Originally published in 1979, Vida is Marge Piercy’s classic bookend to the ’60s. Vida is full of the pleasures and pains, the experiments, disasters, and victories of an extraordinary band of people. At the center of the novel stands Vida Asch. She has lived underground for almost a decade. Back in the ’60s she was a political star of the exuberant antiwar movement—a red-haired beauty photographed for the pages of Life magazine—charismatic, passionate, and totally sure she would prevail. Now, a decade later, Vida is on the run, her star-quality replaced by stubborn courage. She comes briefly to rest in a safe house on Cape Cod. To her surprise and annoyance, she finds another person in the house, a fugitive, Joel, ten years younger than she, a kid who dropped into the underground out of the army. As they spend the next days together, Vida finds herself warming toward a man for the first time in years, knowing the dangers all too well.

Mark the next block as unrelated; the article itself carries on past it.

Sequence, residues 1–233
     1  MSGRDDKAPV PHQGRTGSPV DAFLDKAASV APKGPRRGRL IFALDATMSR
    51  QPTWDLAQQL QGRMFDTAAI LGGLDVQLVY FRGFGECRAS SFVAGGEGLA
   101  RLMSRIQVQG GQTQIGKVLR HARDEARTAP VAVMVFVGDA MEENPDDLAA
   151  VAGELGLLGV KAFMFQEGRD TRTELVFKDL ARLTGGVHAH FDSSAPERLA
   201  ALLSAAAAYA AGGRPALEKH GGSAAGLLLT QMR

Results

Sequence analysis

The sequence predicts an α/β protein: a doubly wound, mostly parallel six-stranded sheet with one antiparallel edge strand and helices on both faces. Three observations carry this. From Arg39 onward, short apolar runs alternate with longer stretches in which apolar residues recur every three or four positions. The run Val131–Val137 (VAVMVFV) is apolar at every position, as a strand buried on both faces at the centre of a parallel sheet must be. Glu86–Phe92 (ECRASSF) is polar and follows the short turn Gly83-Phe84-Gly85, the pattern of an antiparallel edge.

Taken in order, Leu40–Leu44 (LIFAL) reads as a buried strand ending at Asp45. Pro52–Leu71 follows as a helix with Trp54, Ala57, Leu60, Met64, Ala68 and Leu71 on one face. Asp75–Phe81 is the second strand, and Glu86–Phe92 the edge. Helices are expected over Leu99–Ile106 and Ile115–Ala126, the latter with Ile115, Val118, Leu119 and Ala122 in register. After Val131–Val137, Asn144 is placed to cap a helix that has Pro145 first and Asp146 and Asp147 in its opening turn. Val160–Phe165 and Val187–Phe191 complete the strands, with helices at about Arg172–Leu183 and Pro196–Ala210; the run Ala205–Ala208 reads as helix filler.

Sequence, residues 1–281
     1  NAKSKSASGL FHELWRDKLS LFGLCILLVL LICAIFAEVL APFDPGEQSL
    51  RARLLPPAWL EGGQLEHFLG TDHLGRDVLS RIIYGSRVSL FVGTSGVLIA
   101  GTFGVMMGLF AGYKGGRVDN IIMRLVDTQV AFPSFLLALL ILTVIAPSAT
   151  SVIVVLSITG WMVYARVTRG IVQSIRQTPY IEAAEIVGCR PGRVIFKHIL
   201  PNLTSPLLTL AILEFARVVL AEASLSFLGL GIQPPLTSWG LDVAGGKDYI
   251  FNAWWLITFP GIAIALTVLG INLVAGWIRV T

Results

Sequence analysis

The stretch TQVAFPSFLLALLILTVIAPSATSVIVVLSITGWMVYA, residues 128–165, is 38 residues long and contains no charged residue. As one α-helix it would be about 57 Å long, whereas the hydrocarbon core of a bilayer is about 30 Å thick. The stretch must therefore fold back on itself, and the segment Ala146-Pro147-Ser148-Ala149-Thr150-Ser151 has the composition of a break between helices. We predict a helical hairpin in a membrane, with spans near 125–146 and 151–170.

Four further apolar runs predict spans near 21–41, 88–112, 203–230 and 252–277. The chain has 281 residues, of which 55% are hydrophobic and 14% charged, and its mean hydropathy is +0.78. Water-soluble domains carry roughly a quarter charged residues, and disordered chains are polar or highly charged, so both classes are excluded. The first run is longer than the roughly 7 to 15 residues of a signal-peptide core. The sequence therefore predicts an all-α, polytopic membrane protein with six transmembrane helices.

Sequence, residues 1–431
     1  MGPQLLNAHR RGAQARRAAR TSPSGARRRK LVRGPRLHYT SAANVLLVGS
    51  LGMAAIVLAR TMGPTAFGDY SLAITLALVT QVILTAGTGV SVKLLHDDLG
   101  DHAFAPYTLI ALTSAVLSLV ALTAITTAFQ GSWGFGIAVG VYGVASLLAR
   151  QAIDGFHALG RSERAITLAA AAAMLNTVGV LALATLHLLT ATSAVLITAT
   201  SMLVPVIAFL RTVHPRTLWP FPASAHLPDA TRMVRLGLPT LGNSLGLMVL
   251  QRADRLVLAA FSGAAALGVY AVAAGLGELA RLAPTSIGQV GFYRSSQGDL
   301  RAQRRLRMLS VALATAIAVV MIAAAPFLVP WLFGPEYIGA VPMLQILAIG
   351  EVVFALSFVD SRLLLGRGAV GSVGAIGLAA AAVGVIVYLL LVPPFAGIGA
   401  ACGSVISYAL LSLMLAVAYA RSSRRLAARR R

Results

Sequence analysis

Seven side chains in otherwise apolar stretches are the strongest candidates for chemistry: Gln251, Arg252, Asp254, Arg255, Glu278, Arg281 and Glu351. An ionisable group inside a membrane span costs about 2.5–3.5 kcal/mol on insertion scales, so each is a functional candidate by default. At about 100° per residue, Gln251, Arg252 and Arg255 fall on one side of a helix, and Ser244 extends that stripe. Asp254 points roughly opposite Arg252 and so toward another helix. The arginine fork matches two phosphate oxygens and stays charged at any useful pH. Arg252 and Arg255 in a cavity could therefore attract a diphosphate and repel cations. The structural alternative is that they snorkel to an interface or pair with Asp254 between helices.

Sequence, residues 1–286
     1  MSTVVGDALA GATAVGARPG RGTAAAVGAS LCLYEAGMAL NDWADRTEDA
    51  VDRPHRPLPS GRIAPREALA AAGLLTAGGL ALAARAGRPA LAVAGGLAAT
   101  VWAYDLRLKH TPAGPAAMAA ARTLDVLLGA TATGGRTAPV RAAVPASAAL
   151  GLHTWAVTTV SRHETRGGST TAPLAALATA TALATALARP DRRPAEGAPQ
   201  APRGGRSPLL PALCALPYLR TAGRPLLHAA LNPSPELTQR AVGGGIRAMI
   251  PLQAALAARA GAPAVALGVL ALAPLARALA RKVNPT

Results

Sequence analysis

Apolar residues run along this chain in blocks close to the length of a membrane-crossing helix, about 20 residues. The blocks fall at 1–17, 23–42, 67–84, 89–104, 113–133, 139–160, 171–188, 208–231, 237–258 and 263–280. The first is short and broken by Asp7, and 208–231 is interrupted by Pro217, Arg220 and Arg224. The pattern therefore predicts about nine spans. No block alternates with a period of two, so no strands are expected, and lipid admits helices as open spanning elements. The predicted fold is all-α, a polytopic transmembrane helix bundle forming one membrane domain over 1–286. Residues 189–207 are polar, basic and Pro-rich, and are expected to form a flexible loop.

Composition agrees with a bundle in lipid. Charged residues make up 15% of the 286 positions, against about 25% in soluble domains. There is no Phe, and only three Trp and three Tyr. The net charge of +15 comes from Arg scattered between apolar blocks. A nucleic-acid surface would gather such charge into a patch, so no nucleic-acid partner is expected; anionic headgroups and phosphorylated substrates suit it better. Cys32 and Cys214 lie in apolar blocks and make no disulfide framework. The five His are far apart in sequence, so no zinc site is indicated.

As counterpoint to the underground ’70s, Marge Piercy tells the extraordinary tale of the optimistic ’60s, the thousands of people who were members of SAW (Students Against the War) and of the handful who formed a fierce group called the Little Red Wagon. Piercy’s characters make vivid and comprehensible the desperation, the courage, and the blind rage of a time when “action” could appear to some to be a more rational choice than the vote.
A new introduction by Marge Piercy situates the book, and the author, in the times from which they emerged.